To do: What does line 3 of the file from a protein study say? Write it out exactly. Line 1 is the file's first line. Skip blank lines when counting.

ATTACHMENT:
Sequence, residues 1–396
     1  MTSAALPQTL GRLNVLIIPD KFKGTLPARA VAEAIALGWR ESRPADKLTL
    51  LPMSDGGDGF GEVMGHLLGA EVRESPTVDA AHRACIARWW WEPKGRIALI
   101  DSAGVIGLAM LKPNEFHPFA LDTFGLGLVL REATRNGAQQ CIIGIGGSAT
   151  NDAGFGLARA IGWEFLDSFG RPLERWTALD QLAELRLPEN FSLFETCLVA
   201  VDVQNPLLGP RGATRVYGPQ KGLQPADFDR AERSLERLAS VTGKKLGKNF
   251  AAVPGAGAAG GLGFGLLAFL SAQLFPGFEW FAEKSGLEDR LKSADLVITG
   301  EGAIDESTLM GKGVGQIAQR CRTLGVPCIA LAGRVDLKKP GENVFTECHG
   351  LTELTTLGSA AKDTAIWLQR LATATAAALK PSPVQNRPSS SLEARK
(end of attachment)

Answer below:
    51  LPMSDGGDGF GEVMGHLLGA EVRESPTVDA AHRACIARWW WEPKGRIALI